The hysterosalpingogram (HSG) is an x-ray test that lets your physician examine the inside walls of your uterus and fallopian tubes. We routinely perform an HSG for three primary reasons:
- To see if a patient’s fallopian tubes are open
- To assess whether the uterus has a normal shape
- To confirm that the uterine cavity is not affected by fibroids, polyps, or scar tissue
We may also use a sonohysterogram to detect abnormalities inside the uterus; however, sonohysterograms are not helpful in detecting blocked fallopian tubes.
How it works
The HSG requires the assistance of a type of x-ray called a fluoroscopy, or “live x-ray.” At Shady Grove Fertility’s Rockville and Towson offices, we dedicate a special x-ray room to these procedures. An experienced midlevel provider—certified physician assistant (PA-C) or certified registered nurse practitioner (CRNP)—or a physician will perform the procedure.
Preparing for the HSG
Your physician or nurse will advise you to take ibuprofen or a similar over-the-counter nonsteroidal anti-inflammatory drug (NSAID) 1 hour prior to the procedure to reduce the discomfort from possible cramping. Your nurse will also advise you to arrive 30 minutes prior to the test to review informed consent paperwork and provide a urine sample. The actual HSG procedure generally takes approximately 10 minutes.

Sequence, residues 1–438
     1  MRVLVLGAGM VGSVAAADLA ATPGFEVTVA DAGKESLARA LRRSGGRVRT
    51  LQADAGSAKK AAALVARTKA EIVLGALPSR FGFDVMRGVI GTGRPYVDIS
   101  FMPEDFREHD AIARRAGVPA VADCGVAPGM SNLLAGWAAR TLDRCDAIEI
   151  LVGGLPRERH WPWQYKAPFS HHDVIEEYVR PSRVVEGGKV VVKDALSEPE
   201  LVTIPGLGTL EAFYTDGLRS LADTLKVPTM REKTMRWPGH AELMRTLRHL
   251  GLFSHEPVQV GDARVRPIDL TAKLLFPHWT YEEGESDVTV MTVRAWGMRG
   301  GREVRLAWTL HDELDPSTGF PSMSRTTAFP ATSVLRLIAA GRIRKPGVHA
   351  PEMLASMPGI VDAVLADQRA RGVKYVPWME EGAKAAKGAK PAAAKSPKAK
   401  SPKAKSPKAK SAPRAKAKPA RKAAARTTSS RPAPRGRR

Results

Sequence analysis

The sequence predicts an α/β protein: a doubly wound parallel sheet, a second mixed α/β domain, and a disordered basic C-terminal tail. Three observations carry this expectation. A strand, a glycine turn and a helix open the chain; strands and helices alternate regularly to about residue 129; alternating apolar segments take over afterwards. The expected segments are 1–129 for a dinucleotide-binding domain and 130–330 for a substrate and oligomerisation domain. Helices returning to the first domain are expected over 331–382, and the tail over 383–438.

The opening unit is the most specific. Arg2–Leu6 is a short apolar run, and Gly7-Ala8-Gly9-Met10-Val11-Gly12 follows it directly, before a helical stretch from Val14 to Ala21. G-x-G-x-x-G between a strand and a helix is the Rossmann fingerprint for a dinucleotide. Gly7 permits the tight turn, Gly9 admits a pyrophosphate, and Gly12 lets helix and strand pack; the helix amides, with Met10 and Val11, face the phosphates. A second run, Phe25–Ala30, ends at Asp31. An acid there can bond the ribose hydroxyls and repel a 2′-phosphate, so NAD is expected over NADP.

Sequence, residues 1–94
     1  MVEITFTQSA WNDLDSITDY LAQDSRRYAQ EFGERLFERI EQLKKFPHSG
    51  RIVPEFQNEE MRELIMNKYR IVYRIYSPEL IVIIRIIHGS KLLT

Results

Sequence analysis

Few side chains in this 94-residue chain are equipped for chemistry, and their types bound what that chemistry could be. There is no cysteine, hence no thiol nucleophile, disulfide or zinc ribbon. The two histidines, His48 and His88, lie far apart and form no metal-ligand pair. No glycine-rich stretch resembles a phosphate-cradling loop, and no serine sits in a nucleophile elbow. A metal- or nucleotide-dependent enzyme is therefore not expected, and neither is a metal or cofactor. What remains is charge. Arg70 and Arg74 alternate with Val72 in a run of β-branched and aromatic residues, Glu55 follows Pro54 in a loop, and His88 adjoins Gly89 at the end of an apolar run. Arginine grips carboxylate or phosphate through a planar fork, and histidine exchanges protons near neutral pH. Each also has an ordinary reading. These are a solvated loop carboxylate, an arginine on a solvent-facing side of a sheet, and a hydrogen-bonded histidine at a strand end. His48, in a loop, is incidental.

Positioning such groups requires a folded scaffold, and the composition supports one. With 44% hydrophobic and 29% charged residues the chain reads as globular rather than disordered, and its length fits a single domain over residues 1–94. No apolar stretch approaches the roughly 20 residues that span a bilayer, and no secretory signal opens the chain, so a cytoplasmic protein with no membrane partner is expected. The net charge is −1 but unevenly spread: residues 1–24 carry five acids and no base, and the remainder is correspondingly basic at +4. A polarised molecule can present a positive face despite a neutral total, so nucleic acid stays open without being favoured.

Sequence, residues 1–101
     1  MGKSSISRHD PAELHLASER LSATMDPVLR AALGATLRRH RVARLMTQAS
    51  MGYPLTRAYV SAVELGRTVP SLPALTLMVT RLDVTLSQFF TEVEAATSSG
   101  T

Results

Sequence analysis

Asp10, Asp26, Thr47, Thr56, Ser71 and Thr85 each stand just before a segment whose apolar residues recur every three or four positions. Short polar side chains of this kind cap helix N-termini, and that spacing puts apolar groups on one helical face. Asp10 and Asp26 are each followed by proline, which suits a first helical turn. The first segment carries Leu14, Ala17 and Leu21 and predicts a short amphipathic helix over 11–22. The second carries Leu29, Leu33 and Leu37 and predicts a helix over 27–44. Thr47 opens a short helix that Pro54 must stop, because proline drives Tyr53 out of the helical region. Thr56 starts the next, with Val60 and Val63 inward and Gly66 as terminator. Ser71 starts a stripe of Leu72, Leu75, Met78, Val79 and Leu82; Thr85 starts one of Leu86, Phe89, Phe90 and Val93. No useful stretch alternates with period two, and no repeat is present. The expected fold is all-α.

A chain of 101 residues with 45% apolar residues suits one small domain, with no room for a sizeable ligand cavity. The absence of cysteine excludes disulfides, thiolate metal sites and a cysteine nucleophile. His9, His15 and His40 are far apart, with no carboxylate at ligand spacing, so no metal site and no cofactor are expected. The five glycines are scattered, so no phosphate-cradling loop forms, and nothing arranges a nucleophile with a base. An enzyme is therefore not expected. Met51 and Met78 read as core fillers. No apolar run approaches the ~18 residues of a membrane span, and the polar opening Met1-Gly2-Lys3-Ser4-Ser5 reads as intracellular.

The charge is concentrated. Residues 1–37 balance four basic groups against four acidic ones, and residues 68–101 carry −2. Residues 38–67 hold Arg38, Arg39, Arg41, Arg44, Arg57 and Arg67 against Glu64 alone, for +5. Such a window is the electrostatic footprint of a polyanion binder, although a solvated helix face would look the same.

The HSG procedure
During the procedure, the provider will place a speculum into your vagina in the same manner as if you were undergoing a Pap smear. He or she will cleanse the cervix with an antiseptic solution before placing a small, flexible catheter approximately 1 inch into the cervical canal, where it rests against the cervix. The clinician will pass a small amount of dye through the catheter, filling the uterine cavity and then filling the fallopian tubes. The tubes are considered open when the dye “spills” at the ends of the tubes (this is visible on the fluoroscopy). If your tubes are open, they should be able to “pick up” your ovulated egg. This part of the process generally takes less than 1 minute.
To examine the uterus, the clinician gently infuses the dye into the uterine cavity, and while some cramping may occur, it is usually less than menstrual cramping. If the dye cannot pass through the tube, a blockage is present.
After the HSG
While many women have no pain after the HSG, some may feel crampy or achy after the procedure, so it’s a good idea to have someone else drive you home. Some patients will also experience spotting a few days following the HSG—this is completely normal.
The clinician performing your procedure will review your images with you immediately and will provide you with your preliminary results. He or she will send the images to your electronic medical record so your physician may review them in a timely manner.
In the event that the clinician discovers a tubal blockage, your physician will provide potential treatment options. If scar tissue in or around the fallopian tubes is causing the problem, a physician can often surgically remove it. If your fallopian tubes are damaged, your doctor may be able to repair them with surgery, depending on the type and extent of the damage. If your tubal disease is severe, however, in vitro fertilization (IVF) that bypasses your fallopian tubes may be a valuable treatment to consider.